-- The Bears did not tender safety Anthony Walters the required one-year, $1.43 million contract required to secure his rights before free agency, according to a source with knowledge of the situation. What it means: This was expected, as the Bears could sign a starter for approximately that much money, and Walters was a special teamer last season. Don't rule out Walters' return to the Bears at a cheaper price.
--On March 9, the Bears re-signed defensive tackle Nate Collins to a one-year contract. What it means: Coming off an ACL tear that cost him the final 11 games of the season, Collins knew he wouldn’t have significant leverage or a surplus of suitors on the open market. So he opted to remain with the Bears under defensive coordinator Mel Tucker, with whom he has plenty of familiarity. Collins bolsters the depth at defensive tackle. But his signing wasn’t expected to impact the Bears’ efforts to re-sign Henry Melton.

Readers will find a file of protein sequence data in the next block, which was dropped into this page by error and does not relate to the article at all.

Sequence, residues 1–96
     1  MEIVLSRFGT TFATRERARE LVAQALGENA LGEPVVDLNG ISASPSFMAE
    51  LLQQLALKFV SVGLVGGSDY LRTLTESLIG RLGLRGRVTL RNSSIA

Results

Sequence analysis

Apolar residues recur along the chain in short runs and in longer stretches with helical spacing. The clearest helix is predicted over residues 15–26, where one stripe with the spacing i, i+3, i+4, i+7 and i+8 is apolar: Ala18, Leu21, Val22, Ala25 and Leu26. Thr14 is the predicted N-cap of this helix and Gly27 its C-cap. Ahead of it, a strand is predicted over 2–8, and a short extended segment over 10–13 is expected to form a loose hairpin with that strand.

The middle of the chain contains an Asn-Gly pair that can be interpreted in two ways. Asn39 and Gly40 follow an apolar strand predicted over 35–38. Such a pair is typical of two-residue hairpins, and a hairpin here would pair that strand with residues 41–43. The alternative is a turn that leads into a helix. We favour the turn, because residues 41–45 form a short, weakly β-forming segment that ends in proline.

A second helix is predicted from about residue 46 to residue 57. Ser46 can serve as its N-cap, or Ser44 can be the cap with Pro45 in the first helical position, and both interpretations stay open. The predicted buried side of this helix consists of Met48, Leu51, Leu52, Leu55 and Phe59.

-- The Bears agreed to a one-year contract with former Saints center Brian de la Puente on April 6. What it means: de la Puente was signed to back up Roberto Garza, and he immediately tops the list of possible successors to the 35-year-old. Garza is to the point of his career where he annually reassesses his desire to keep playing, so it's wise for the Bears to consider who will eventually replace him. de la Puente, who turns 29 in May, provides experienced depth, having started 44 of 48 games for the Saints over the last three seasons. Bears offensive coordinator Aaron Kromer knows de la Puente well from their time together with the Saints. The Saints were willing to part with de la Puente, and the open market produced only a one-year minimum contract for him, which is an indication of how other teams evaluated him. Perhaps Kromer can continue to develop him.